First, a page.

News and Tribune

July 16, 2013

New Albany-Floyd County schools mull transportation funding changes

By JEROD CLAPP
jerod.clapp@newsandtribune.com

NEW ALBANY —

Proposed changes to transportation policies could allow the New Albany-Floyd County Consolidated School Corp. to stop paying for athletic team trips to away games as early as next year.

The board had its first reading of the changes at its Monday meeting and could vote on the measure by their next meeting on Aug. 12. 

Bill Briscoe, assistant superintendent, said removing a couple of paragraphs from the beginning of policy 8640 — which regulates field trips and other district-sponsored trips — could cut those funds in the future.

“We have no intent to change anything we’re doing this year. We’re just trying be proactive and put something down that will give us more flexibility in the future,” Briscoe said.

Fred McWhorter, chief business officer, said the language of the current policy doesn’t allow for outside groups or agencies to pay for some of those trips, but mandates the district to fund them. He said that’s gotten expensive.

“The last couple of years, we’ve spent $125,000 on athletic travel,” McWhorter said. “Now at some point in the future, maybe there’s a shared cost ... but this is flexibility for the future.”

Briscoe said the change won’t affect students this year. But Brad Snyder, deputy superintendent, said other districts across the state have already had to make drastic moves to rein in those kinds of costs.

He said state property tax caps are to blame for those kinds of changes in school districts.

“Again, all of this is an outgrowth of circuit breakers, which everybody gets tired of hearing about,” Snyder said. “And out here in Floyd county, we’re lightly or modestly affected by circuit breakers. Today, we are.”

Briscoe said as funding continues to prove problematic for the district, the option to have another line to cut out of budgets could help balance the books in the future.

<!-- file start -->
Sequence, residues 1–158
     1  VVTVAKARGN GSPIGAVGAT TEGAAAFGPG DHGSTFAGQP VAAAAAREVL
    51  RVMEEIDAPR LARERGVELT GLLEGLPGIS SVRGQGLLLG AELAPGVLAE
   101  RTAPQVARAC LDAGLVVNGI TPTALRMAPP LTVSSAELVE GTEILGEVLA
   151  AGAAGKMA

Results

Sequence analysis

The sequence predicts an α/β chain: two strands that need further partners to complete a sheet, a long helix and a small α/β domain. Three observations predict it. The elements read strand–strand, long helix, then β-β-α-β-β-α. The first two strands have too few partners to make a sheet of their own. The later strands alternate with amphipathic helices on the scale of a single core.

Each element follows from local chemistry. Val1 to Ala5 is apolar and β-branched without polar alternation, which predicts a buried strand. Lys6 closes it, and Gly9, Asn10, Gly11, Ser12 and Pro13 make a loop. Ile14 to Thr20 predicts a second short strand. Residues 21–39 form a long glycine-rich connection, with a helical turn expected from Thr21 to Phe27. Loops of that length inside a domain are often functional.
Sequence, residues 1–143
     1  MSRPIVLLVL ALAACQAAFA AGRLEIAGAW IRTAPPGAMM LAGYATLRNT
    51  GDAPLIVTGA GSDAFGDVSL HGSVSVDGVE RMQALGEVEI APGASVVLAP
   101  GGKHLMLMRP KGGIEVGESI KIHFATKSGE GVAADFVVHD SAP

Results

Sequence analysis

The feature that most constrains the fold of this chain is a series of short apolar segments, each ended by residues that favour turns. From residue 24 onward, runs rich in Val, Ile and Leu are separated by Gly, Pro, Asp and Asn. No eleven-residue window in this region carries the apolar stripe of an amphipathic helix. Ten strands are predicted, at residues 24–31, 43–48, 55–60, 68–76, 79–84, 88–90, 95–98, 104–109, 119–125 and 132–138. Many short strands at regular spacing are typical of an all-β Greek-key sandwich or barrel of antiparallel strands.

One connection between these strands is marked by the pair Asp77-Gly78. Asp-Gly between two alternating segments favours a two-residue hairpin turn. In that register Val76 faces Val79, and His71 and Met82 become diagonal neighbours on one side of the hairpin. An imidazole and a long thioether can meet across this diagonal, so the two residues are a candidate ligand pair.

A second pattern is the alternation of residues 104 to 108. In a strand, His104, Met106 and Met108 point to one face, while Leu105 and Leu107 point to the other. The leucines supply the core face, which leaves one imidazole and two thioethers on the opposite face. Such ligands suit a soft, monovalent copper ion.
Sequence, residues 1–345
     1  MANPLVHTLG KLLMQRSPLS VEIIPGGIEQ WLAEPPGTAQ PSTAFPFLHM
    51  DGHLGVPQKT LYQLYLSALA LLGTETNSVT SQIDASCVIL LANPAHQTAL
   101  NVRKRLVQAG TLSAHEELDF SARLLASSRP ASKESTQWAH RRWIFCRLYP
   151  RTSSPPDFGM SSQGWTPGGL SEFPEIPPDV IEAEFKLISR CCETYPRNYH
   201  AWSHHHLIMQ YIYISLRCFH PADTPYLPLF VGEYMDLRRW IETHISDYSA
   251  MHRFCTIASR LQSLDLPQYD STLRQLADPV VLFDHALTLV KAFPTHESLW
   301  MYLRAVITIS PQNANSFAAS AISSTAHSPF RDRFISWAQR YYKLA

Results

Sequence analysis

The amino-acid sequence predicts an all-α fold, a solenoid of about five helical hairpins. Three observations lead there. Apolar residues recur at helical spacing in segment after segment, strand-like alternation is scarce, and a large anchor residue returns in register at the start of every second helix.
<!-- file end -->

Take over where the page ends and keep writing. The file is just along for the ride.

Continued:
“I’m just saying down the road, if we did hit severe trouble, sometimes our expenses are running more than what we’re bringing in from the state,” Briscoe said. “There are times where we may have to at least debate that or have conversations. I’m not saying we would.”

The district already has a moratorium on field trips.

 

LOTS OF LOTS

The board voted in favor of purchasing one property in New Albany and exploring the option of purchasing another in the county.

With a 3-2 vote, the board approved the purchase of 1827 Shelby Street for $30,000. Snyder has brought two other properties on the same street — 1813 and 1815 — to the board earlier this year to help expand parking or greenspace for New Albany High School.

Rebecca Gardenour, board member, said with this property so far away from the others owned by the district, she’s not sure why the district was interested in it.

“I would rather start where we are at the end and buy them up,” Gardenour said. “I know we have to take them when we can. It’s not that we haven’t had direction, but it’s just been confusing. Do we buy up the whole block when we can, or do we just buy up to a certain area?”

Mark Boone, board member, said he’d also like to keep the properties closer together when purchasing them, but also understands it’s not possible if they’re not up for sale.

“They’re not available right now and people think they’re worth a lot more than what we’ve giving for them,” Boone said. “At this property now, we’re starting to set the market price for that block, so if we do start acquiring properties, nobody’s coming to us asking for $75,000 anymore because we’re not paying that much.”

Gardenour said that may be the case, but that might upset homeowners in that area.

“Well, I’m sure the neighbors probably aren’t real happy about that, either,” Gardenour said.

The board voted to purchase the property with Gardenour and Jessica Knable, board member, opposing the vote.

Snyder also brought forward 3590 Edwardsville Galena Road as a property to consider purchasing.

The lot, which is across from Highland Hills Middle School, was sought when the district built the school, but it wasn’t available. 

Snyder said the lot is empty now except for possibly a toolshed, and the owner contacted him last week about its purchase. The board approved exploring the option unanimously.